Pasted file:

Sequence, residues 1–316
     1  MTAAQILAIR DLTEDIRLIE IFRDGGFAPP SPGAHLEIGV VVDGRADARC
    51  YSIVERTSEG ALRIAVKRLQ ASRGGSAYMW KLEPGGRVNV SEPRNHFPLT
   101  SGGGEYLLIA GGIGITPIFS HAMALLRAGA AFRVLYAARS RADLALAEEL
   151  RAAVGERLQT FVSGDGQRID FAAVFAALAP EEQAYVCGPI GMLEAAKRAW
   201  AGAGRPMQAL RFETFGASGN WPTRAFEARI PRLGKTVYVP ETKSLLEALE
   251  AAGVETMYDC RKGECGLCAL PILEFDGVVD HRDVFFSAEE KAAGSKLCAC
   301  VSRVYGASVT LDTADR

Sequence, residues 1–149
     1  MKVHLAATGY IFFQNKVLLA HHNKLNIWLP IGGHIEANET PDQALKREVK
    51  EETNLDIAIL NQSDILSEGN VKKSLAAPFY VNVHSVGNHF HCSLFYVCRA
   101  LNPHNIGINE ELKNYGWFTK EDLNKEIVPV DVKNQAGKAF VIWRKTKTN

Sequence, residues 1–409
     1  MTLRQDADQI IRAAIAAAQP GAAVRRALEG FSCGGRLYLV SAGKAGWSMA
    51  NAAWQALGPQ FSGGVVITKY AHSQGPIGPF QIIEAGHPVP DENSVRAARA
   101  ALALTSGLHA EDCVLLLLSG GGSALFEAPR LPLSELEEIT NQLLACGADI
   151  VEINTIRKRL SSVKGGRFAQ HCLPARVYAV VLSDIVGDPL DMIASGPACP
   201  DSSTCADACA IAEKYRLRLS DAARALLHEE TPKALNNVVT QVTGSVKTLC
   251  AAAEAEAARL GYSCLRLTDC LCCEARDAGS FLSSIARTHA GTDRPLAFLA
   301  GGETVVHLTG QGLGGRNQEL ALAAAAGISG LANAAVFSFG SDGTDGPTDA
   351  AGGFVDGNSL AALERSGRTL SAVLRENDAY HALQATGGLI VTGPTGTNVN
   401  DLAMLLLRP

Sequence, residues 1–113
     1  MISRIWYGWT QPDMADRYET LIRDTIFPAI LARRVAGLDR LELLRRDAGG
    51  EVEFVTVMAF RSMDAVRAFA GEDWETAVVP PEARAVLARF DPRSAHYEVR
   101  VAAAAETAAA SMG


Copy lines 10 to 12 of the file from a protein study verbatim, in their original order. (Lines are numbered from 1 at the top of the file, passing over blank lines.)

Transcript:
     1  MKVHLAATGY IFFQNKVLLA HHNKLNIWLP IGGHIEANET PDQALKREVK
    51  EETNLDIAIL NQSDILSEGN VKKSLAAPFY VNVHSVGNHF HCSLFYVCRA
   101  LNPHNIGINE ELKNYGWFTK EDLNKEIVPV DVKNQAGKAF VIWRKTKTN